Dynaudio Music Review
- Striking, attractive design
- Great connectivity
- Bold, authoritative sound
- Offers a speaker for every room in the house
- App needs work
- Emphasis on Tidal
- Four speakers in family
- Music 1 & 3 have 8-hour battery life
- 1 x 3.5mm jack and USB port on all
- 1 x optical (Music 5/7) 1 x HDMI ARC (Music 7)
- Wi-Fi, Bluetooth, AirPlay
- Six presets
What is Dynaudio Music?
Dynaudio is a brand you’re more likely to associate with high-end hi-fi than you would wireless music, but the stylish Dynaudio Music range is the Danish company’s first stab at a multiroom audio system.
Made up of a choice of four speakers of various sizes, the lineup takes the fight to the likes of Sonos, boasting superb connectivity, a couple of handy features its competition lacks, and a very striking design.
All this comes at a price, however. Starting at £450 for the cheapest speaker in the range, do Dynaudio’s head-turning speakers tick enough boxes to draw the multiroom masses from the tried-and-tested favourites?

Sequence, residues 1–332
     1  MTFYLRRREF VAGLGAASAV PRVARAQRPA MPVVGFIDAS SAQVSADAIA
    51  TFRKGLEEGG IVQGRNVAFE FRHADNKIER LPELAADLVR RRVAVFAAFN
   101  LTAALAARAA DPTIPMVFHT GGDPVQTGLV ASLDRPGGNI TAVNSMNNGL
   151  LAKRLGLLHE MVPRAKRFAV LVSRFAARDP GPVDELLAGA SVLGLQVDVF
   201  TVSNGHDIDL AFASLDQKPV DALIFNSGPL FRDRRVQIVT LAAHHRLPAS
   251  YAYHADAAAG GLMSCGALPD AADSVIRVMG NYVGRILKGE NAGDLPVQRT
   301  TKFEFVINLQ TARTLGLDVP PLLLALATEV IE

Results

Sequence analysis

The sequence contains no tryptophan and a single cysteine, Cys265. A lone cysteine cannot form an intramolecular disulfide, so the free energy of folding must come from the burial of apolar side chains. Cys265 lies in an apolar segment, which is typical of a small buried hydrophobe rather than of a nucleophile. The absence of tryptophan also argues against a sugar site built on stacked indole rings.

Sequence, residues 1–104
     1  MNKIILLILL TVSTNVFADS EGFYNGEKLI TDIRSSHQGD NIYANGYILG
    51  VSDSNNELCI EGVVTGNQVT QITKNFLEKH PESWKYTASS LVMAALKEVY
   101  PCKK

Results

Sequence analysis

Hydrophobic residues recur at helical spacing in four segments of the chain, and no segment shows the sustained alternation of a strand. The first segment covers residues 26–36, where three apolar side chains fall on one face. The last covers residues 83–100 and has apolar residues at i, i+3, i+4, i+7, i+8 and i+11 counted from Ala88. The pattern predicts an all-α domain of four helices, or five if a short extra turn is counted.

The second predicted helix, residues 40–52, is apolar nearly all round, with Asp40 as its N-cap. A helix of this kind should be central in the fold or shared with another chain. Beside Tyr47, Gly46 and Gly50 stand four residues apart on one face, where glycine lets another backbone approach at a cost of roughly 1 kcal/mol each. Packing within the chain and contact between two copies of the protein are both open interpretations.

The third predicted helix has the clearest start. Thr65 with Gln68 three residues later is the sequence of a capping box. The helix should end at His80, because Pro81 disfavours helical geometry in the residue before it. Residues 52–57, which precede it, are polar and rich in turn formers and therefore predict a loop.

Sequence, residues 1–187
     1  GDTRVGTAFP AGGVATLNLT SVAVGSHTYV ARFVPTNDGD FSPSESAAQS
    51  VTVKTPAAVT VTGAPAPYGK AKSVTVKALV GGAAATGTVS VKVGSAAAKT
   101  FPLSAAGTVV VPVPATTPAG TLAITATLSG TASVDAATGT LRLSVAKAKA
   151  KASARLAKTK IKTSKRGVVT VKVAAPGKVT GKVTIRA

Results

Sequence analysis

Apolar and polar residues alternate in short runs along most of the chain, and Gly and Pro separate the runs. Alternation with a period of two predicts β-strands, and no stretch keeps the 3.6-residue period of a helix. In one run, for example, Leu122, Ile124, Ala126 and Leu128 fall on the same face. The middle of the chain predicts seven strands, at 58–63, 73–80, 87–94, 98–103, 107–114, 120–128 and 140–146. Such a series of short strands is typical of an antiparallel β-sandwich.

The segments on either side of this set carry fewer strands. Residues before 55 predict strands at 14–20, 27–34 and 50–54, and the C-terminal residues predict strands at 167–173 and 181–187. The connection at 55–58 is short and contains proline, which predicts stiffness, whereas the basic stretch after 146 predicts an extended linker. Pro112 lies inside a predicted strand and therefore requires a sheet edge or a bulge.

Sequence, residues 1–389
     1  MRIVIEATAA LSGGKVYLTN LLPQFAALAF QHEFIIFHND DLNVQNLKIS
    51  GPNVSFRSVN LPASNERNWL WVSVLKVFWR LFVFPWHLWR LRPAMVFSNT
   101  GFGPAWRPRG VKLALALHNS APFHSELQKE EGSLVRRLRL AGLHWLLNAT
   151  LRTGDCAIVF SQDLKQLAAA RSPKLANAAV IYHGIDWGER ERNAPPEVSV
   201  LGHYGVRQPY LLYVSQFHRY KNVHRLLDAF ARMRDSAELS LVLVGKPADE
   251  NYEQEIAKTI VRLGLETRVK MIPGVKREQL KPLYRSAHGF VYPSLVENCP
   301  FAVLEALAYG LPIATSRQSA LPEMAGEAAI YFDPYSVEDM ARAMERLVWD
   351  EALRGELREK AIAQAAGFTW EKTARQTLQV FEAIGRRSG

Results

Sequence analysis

Related: Best multiroom speakers
Dynaudio Music – Design and build
A design this striking is always going to divide opinion, and the Dynaudio Music family is certainly out to turn heads.
Available in a choice of four colours – red, blue, light grey and dark grey – the angular, geometric lines of each speaker, inspired by origami and traditional Chinese boat sails, certainly aren’t built to blend in. While Sonos sits in the background, Dynaudio Music is out makes its presence known.
This isn’t necessarily a bad thing. Personally, I love the way they look. But if you’re not a fan of having your tech too loud and proud, you may well find the music system a bit too much for your tastes.
Still with me? Then let’s take a closer look at that design. The soft, fabric grille (interchangeable in the larger Music 5 and Music 7 speakers) that covers the front and back of the speakers has a brushed metal band running around the middle. This is home to the on-speaker controls.
These include volume, playback and six presets on all four speakers, plus a source button on the two larger speakers and a power button on the two smaller ones, thanks to their ability to run off their built-in battery for up to eight hours.
There’s also a row of LEDs on each unit that allows you to see how far you’ve pushed up the volume. It also acts as a visual guide that the speaker is on and successfully connected to Wi-Fi.